A wildfire that briefly stranded hundreds of tourists at the Grand Canyon was fully contained Tuesday, officials said.

The fire, near the canyon's North Rim, began with a lightning strike on June 8 and was allowed to burn until winds whipped it out of control. Crews began fighting it aggressively two weeks later, and it grew to more than 58,000 acres.

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"Everything went really well," said Jacki Denk, a fire management team spokeswoman. "We're outta here."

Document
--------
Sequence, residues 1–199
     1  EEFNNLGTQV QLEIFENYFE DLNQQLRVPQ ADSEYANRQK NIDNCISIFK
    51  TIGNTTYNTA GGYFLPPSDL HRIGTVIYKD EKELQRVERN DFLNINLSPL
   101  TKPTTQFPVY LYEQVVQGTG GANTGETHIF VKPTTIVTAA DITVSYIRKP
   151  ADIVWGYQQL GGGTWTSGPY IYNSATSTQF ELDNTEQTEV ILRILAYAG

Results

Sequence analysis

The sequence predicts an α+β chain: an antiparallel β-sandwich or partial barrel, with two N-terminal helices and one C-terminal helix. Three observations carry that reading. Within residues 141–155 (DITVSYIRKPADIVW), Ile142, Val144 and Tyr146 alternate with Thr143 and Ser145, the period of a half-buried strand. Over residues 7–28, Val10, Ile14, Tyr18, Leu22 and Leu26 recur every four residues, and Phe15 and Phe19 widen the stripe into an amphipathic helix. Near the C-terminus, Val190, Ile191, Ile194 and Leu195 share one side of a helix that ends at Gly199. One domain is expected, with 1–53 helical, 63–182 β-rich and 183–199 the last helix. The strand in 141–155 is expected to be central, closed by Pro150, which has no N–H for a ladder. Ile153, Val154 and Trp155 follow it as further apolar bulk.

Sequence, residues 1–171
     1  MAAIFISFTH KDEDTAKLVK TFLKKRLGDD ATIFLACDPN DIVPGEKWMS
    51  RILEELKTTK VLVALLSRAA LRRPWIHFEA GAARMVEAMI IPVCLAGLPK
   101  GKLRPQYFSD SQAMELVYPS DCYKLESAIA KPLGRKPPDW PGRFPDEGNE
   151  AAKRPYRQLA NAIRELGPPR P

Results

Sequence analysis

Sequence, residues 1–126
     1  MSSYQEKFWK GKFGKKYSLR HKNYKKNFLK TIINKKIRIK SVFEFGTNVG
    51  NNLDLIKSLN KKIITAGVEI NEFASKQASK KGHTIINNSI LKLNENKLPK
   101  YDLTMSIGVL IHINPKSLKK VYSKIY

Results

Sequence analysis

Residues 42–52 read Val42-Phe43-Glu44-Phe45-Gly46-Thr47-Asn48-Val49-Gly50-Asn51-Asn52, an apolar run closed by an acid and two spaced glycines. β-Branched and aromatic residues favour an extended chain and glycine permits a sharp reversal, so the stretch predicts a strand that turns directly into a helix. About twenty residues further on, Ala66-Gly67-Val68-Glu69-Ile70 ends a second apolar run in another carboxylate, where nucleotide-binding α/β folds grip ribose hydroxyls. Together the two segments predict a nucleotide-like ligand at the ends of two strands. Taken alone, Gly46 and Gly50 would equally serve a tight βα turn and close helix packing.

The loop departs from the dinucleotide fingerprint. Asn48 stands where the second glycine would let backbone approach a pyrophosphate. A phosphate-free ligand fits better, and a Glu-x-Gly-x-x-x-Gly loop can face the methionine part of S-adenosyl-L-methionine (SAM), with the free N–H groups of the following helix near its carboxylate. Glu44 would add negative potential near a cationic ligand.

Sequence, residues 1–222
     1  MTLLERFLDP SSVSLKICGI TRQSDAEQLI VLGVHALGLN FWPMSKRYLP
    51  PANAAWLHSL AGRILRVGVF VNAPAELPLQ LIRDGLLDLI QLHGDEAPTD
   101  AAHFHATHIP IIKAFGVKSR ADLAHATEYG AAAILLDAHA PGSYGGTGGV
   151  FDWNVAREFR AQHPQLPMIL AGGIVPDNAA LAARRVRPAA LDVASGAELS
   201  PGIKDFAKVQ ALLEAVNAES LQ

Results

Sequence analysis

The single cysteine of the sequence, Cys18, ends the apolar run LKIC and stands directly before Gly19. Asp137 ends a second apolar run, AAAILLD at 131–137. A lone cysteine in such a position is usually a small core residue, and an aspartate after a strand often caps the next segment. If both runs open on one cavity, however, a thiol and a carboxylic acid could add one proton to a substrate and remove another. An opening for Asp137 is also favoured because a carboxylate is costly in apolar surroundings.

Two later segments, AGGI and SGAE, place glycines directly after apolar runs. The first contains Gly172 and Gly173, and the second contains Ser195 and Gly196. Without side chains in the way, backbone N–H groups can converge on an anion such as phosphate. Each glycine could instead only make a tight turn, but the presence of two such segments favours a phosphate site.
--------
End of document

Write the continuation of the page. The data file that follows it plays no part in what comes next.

The fire crossed a main highway leading to the North Rim on June 24, leading to evacuations and a weeklong closure that ended Monday. Tourists had to stay at a lodge, cabins and campground at Grand Canyon National Park until the highway reopened.

Rain and higher humidity in recent days have helped fire crews, who now have a line completely around the blaze.

In southwestern Utah, firefighters gained on a 43,500-acre fire near the town of Motoqua that was threatening 40 homes, said Alysha Zadow, spokeswoman for the Bureau of Land Management. Crews hoped to have it contained by the weekend.